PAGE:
Skip to main content
King County logo

April 2019

Following initial water quality monitoring in Puget Sound after the West Point Treatment Plant flooding event on February 9, 2017, King County voluntarily collected bottom sediments and marine organisms from different areas of the sound in 2017 and 2018 to evaluate any changes in chemical concentrations. The results of this sediment and marine organism monitoring effort will be presented in a series of five individual technical reports to be completed in 2019. A final summary report of the overall impacts of the West Point flooding event on chemical concentrations in the marine environment will be prepared to interpret the collective results and provide an overall conclusion. The final summary report will incorporate input from scientists specializing in regional contamination from the Washington Department of Fish & Wildlife and other agencies who will peer review the technical reports.

The first technical report completed in February 2019, West Point Flooding Event Intertidal Sediment and Clam Tissue Report, presents results of metals monitoring conducted for intertidal sediments and butter clams at six beaches between Carkeek and Alki Beach Parks.

Staff performing analysis in the laboratory

Follow WTD on social media
The separate technical reports are listed below.

West Point Flooding Event Intertidal Sediment and Clam Tissue Report , February 2019

The first technical report, West Point Flooding Event Intertidal Sediment and Clam Tissue Report, presents results of metals monitoring conducted for intertidal sediments and butter clams at six beaches between Carkeek and Alki Beach Parks. The following are key preliminary findings of the report:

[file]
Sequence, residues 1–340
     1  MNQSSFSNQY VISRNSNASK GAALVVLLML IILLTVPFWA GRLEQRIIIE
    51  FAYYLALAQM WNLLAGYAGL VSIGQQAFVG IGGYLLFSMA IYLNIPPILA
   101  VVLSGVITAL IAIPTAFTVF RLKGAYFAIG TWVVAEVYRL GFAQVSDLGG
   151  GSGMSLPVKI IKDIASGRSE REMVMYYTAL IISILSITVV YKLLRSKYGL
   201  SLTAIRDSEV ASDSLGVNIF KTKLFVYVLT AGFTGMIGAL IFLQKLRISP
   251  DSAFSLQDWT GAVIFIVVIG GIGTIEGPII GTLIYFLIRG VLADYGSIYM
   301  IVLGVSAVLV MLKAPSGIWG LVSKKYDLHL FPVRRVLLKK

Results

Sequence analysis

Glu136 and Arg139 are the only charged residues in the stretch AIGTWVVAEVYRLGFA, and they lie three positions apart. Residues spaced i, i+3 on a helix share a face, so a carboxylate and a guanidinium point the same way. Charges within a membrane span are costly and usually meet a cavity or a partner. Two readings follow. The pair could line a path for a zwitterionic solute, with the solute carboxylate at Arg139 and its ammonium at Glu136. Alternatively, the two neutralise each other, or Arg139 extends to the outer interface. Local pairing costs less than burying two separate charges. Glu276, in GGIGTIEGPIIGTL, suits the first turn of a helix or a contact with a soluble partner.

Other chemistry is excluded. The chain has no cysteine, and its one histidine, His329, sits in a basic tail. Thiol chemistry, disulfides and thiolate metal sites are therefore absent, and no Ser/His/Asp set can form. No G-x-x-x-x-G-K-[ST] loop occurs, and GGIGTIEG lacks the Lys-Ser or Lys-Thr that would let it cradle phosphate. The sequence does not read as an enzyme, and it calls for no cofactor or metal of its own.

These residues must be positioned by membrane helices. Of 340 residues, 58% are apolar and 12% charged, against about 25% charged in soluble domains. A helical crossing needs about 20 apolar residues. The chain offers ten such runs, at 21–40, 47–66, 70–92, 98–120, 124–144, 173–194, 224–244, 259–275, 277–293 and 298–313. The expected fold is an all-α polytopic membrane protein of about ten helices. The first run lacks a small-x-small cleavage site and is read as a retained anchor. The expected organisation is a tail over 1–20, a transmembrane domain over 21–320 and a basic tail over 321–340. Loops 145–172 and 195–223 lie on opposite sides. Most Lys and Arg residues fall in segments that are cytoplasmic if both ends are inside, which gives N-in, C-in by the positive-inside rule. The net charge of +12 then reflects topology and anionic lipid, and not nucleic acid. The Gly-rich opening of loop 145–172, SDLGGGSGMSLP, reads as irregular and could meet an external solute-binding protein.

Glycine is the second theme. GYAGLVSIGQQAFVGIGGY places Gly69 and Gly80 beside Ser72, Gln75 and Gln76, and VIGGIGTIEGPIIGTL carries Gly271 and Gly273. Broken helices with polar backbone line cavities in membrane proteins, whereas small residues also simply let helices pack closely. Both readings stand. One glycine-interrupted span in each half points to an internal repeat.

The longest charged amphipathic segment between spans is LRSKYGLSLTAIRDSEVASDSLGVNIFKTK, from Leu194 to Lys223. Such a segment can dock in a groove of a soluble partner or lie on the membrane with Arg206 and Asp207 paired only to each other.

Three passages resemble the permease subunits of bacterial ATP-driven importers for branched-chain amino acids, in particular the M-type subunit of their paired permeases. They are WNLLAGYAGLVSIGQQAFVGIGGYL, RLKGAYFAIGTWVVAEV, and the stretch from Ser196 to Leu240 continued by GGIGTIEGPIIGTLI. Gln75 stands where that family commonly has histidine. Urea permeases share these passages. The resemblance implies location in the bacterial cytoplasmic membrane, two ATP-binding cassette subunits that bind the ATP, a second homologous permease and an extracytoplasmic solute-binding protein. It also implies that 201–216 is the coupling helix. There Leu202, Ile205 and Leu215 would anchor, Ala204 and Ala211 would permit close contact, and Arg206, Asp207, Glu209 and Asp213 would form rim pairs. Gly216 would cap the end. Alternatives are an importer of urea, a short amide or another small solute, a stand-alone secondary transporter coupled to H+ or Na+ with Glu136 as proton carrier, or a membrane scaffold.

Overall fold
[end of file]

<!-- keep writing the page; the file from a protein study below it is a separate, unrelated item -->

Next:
• All metal levels in sediment and clam samples were well below applicable Washington regulatory standards. 
  • Compared to historical data, copper levels in both sediment and clams were elevated at one site near the West Point outfall, while lead levels at this site were only elevated in clams. There are no regulatory limits for these metals in clams or other marine organisms. 
  • Elevated copper and lead levels were observed in effluent discharged from the main West Point outfall during the three-month period of reduced treatment at the plant. These conditions may have contributed to elevated metal levels detected in sediment and clam tissue.
  • All sampling sites were located near the West Point outfall where discharges from the flooding event and subsequent recovery period were expected to be the most impactful. These sites are in areas that are closed to public and private shellfish harvesting. Therefore, no shellfish from these areas are commercially available for public consumption.

map of Intertidal Sediment & Clam sampling stations

Subtital Sediment Report

To be published in 2019.

Crab Tissue Report

To be published in 2019.

Zooplankton Tissue Report

To be published in 2019.

English Sole Tissue Report

To be published in 2019.

Summary Sediment and Tissue Report

To be published in 2019.